Here at work.

If I had the day off I'd do a few Cass doodles and post them here.  I have a new "Cass vs." fight coming soon.  It's one I consider the best yet, although I'm partial to the one where I have her fight the 4077th MASH for reasons known but to my subconscious.  Look for more of those whenever an impish mood strikes (and I have the time to indulge), plus reviews of every single issue of Batgirl starring Cass.  Sometime this week or over my winter break I'm going to edit some old essays I wrote about Cass-- and take out things I now believe to be wrong or stupid-- then post them here, too.

Content suggestions are very welcome.  Got an aspect of Cass you'd like to see explored, discussed, pondered, mistaken, confused or rendered impossibly obtuse?  Let me know and I'll take care of it for you.

And finally-- the best thing that's happened around here is someone commented.  Madeleine M., you made my weekend!  Comments on this blog are slightly less rare than Cass Cain appearances in the New 52.  And that means they're very much appreciated.  I tried to reply but Blogger's acting a little funny.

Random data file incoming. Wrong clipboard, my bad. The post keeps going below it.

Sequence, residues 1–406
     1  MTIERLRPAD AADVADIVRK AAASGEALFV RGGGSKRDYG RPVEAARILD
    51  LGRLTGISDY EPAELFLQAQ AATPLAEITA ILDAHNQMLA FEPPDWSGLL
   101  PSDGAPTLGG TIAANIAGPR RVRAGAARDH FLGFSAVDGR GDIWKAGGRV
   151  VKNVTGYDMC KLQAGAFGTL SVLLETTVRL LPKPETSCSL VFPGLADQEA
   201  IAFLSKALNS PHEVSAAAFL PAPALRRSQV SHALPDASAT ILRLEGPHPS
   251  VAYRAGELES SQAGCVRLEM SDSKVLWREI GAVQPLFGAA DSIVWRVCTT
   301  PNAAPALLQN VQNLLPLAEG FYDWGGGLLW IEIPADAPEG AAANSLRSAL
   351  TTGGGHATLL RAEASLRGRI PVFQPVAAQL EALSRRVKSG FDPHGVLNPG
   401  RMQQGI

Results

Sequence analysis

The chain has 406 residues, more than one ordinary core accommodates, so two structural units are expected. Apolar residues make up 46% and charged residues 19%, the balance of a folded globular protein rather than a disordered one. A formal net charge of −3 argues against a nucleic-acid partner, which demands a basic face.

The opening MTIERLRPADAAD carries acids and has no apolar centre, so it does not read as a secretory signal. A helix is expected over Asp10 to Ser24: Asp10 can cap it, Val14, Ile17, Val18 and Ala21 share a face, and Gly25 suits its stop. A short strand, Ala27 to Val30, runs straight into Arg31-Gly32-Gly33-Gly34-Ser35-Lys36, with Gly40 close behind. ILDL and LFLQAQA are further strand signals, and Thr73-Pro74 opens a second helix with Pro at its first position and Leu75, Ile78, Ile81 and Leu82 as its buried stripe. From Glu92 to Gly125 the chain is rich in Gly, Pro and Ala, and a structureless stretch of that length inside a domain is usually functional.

Monday, December 10, 2012

Cassandra Cain versus M*A*S*H

Imagine a time-displaced Batgirl finding herself dropped into the war-torn hills of 1951 Korea.  Or, if you prefer, the pretend war-torn hills of 1970s southern California.  What would happen if Cass found herself at war with the 4077th Mobile Army Surgical Hospital?  Of course, I'm talking the TV version, not the Robert Altman film.